Nobel Prize in Economics: Way to alleviate poverty
What is enigmatic about this award is that it does not address questions like what causes poverty or how foreign aid can bring about its reduction. Instead it focusses on specific sectors and specific problems of poverty
The Nobel Prize for Economics was awarded to the trinity, of India-born Dr Abhijeet Banerjee, Esther Duflo and Michael Kremer this year for their experimental approach to alleviating poverty.
Their approach is so simple and small in scale that it was criticised as being microeconomic in an article published by the Wall Street Journal recently.
What is more enigmatic about this award is that it does not address questions like what causes poverty, how foreign aid can bring about its reduction, something that is thought of normally when deliberating about poverty. It, in turn, focusses on specific sectors and specific problems of poverty.
A simple example will make it crystal clear. If the Nepali government were to introduce a vaccination programme in a village, it would just have medical and administrative staff with the required vaccine in a building.
The triumvirate instead would make a study of what per cent of the people would come to a vaccination centre that is dominated by the absence of the necessary staff, which is so rife in Nepal.
They would then proceed forward to know the percentage of increase of the people coming to the centre with the best services, for example, presence of the staff round the office hours.
What makes the trio’s work unique is that they would not take a rest here but again look at the percentage of the people visiting the centre when some incentive like free rice or lentils are given along with the best of services.
It was found in a research carried out in rural Udayapur, India that only 6.2 per cent of the people turned to the conventional centre while it shot up to 16.6 per cent in the second.
In the third one, it ballooned to 36.6 per cent. This research indicates that the vaccination centre should deliver the best of services accompanied by some incentive if it is to succeed. This is what the trio call the Randomised Controlled Trial (RCT).
As health has a direct correlation with poverty, this study contributes to its alleviation.
Poverty alleviation programmes are being implemented by governments round the globe. In India, it began with the Garibi Hatao Programme, initiated by Indira Gandhi in the early seventies.
India’s tale of poverty alleviation is very spectacular as it lifted 271 million people out of poverty in a decade beginning from 2006, according to the United Nations.
China’s campaign of poverty alleviation is also phenomenal in the wake of the removal of the stigmatic poverty tag from the life of 700 million people in 40 years’ time beginning from 1978.
Nepal embarked on poverty alleviation much later, from the period of the Ninth Five-Year Plan (1997-2002), with 42 per cent poverty in the country, despite the beginning of its First Five-Year Development Plan way back in 1956. The objective was to reduce it to 10 per cent by the end of the Twelfth Five-Year Plan. But it faced resistance from the Maoist rebellion for its accomplishment. A Comprehensive Peace Accord was signed between the State and the Maoists in 2006, and consequently there was a paradigmatic shift in the thematic objectives of Nepal’s development plans after the Tenth Five-Year Plan.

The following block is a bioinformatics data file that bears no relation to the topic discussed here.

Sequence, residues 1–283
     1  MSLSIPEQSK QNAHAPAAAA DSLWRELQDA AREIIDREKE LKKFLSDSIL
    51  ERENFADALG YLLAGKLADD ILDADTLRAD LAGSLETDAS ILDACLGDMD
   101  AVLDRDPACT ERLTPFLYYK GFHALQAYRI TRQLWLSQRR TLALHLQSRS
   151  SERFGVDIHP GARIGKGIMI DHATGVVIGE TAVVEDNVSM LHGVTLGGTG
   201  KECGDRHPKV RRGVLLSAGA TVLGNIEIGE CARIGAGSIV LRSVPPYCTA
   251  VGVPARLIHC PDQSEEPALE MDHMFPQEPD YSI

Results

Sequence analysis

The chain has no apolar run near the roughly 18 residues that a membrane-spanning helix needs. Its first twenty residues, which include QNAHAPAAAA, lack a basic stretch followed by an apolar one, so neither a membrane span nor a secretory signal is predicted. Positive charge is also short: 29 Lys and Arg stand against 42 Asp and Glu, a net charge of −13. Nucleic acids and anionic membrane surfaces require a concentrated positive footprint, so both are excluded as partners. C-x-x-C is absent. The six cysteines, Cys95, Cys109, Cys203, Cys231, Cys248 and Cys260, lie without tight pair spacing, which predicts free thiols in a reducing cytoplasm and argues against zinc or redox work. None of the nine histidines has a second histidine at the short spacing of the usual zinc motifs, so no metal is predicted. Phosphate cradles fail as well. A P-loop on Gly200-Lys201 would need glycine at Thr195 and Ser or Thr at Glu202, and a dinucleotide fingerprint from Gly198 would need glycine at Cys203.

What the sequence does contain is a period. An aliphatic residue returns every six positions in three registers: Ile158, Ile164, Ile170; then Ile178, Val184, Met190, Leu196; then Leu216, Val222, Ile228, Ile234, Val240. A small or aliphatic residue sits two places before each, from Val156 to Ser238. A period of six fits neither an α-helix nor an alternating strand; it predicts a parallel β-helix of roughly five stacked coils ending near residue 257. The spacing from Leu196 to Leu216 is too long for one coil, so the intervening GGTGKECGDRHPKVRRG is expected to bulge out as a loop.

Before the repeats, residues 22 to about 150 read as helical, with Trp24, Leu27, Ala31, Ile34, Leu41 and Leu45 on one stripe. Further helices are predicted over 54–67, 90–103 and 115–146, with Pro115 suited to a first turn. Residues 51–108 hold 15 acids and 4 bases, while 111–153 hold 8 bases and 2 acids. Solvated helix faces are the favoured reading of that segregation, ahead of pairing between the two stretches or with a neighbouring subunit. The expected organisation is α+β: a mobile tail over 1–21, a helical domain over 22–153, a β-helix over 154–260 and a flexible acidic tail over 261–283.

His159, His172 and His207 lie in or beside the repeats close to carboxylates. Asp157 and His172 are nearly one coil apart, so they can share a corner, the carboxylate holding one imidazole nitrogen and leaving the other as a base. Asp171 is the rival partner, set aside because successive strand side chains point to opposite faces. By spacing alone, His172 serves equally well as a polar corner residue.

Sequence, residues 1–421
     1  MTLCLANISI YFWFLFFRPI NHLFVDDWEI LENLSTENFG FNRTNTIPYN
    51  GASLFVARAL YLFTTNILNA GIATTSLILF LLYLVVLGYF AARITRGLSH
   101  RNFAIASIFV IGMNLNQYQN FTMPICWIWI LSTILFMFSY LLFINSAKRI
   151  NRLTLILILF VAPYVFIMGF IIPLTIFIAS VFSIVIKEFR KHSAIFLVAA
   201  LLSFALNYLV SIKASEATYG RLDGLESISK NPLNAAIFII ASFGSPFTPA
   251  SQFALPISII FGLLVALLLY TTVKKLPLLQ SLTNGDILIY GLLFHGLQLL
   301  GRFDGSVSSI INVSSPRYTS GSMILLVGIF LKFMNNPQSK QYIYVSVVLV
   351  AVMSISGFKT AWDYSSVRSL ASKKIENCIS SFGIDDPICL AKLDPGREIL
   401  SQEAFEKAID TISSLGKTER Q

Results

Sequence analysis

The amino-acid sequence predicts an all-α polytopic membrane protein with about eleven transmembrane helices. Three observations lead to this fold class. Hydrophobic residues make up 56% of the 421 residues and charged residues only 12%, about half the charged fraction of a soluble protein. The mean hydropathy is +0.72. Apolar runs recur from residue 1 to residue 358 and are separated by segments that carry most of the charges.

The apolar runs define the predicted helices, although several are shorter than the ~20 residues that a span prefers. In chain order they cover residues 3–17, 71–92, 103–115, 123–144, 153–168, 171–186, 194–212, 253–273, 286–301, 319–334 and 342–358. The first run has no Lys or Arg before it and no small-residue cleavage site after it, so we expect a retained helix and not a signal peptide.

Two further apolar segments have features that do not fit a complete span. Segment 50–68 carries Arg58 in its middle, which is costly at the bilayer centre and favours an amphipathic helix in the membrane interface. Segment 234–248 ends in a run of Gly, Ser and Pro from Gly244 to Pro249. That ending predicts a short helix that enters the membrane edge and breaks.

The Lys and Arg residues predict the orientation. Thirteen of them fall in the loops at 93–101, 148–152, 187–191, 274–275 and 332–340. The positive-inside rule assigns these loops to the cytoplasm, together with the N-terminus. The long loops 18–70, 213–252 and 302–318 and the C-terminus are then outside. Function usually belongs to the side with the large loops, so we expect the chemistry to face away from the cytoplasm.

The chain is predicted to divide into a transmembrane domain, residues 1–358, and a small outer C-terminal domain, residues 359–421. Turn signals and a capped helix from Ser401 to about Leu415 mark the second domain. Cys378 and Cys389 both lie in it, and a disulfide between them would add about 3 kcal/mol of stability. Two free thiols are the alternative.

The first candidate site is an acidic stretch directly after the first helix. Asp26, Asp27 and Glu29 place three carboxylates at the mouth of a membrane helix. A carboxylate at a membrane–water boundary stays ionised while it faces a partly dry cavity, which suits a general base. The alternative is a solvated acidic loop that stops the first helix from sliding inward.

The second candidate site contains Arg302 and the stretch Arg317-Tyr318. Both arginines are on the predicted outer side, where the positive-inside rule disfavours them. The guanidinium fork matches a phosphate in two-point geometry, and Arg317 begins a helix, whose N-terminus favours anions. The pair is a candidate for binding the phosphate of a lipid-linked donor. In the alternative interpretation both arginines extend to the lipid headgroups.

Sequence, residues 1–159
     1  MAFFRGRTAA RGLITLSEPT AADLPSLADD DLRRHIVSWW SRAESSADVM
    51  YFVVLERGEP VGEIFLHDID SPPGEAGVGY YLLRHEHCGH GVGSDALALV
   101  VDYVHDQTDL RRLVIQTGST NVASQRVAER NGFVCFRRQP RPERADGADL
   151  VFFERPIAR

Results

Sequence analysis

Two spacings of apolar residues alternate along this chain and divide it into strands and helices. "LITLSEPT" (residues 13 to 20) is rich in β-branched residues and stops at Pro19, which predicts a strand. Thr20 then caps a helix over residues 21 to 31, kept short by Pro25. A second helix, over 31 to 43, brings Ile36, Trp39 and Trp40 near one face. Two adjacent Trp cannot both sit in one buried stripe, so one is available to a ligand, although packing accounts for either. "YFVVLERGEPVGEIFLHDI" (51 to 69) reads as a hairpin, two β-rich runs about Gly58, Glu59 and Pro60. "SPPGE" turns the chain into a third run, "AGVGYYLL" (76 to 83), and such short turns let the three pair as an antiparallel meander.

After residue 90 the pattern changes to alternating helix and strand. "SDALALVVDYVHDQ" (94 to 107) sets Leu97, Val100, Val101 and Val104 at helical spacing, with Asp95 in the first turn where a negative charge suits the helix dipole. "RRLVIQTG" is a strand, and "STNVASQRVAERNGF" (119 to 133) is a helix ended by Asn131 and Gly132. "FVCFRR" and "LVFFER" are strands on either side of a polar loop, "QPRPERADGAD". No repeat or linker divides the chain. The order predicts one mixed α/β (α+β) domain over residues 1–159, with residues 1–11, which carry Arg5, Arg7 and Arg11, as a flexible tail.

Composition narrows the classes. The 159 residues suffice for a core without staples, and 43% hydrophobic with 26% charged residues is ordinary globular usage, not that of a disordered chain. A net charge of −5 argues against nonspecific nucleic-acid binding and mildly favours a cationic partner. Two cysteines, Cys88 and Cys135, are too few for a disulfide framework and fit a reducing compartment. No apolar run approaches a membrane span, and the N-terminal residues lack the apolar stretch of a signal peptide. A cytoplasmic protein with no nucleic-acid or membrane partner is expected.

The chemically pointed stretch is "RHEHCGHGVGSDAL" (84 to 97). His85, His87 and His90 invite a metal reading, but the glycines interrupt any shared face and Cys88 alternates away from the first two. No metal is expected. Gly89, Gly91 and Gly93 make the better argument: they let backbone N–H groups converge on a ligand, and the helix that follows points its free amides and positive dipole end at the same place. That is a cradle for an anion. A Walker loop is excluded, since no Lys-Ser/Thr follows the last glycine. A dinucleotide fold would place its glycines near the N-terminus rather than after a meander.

Poverty was relegated to something like the ribs from the spinal position that it held till the Eleventh Development Plan.
Still, several poverty alleviation programmes, such as subsidised ration and fertiliser distribution to the poor, Food for Work and Bisheswar with the Poor have been implemented, including the World Bank-supported Poverty Alleviation Fund in Nepal. Despite this, the poverty reduction has been far from desired. The percentage of people living below the poverty level is still hovering at 25 per cent.
There are several reasons leading to this disappointing state of affairs, but one of them again is the absence of evidence-based policies. Though the two-thirds majority government in its first Plan and Programme showed commitment to evidence- based governance, these were merely in words and not in deed.
It is obvious from the miniscule expenditure of Nepal in research, which has remained unaltered from an embarrassingly low of 0.38 per cent of Gross Domestic Product, despite change in governments of diagonally different ideologies. China, in stark contrast, has been spending 2.5 per cent of GDP.
As a result, China has been steadily climbing up the ladder of the Global Innovation Index from 20th and 17th in 2017 and 2018 to 14th this year. India has also been showing a steady upward trend by attaining 52nd position this year from 57th and 60th in the last two years. Nepal, in turn, has been swinging like a pendulum between 108th and 109th since the last three years.
Egypt has shown how an increase in investment can bring about a sea change by climbing to 95th position in 2018 from 105th position in 2017.
Like a sugar-coated pill that envelopes a bitter drug, simplicity appears on the surface of what is otherwise a rigorous, painstaking as well as time-consuming RCT that forms the heart of the Nobel Prize winning research. This research of the triad should be an eye opener to the Nepali policy-makers also regarding how programmes should be implemented only after making an evidence-based research to ensure its success.